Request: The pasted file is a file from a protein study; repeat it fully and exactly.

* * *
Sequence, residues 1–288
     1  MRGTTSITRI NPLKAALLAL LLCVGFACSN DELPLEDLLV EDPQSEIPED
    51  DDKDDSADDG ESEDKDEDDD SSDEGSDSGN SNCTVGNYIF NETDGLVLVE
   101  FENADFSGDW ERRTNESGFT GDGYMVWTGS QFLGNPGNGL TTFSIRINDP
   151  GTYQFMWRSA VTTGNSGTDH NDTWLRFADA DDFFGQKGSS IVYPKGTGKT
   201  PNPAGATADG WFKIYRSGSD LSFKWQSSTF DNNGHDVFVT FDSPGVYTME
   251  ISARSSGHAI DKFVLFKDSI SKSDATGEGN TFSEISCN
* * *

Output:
Sequence, residues 1–288
     1  MRGTTSITRI NPLKAALLAL LLCVGFACSN DELPLEDLLV EDPQSEIPED
    51  DDKDDSADDG ESEDKDEDDD SSDEGSDSGN SNCTVGNYIF NETDGLVLVE
   101  FENADFSGDW ERRTNESGFT GDGYMVWTGS QFLGNPGNGL TTFSIRINDP
   151  GTYQFMWRSA VTTGNSGTDH NDTWLRFADA DDFFGQKGSS IVYPKGTGKT
   201  PNPAGATADG WFKIYRSGSD LSFKWQSSTF DNNGHDVFVT FDSPGVYTME
   251  ISARSSGHAI DKFVLFKDSI SKSDATGEGN TFSEISCN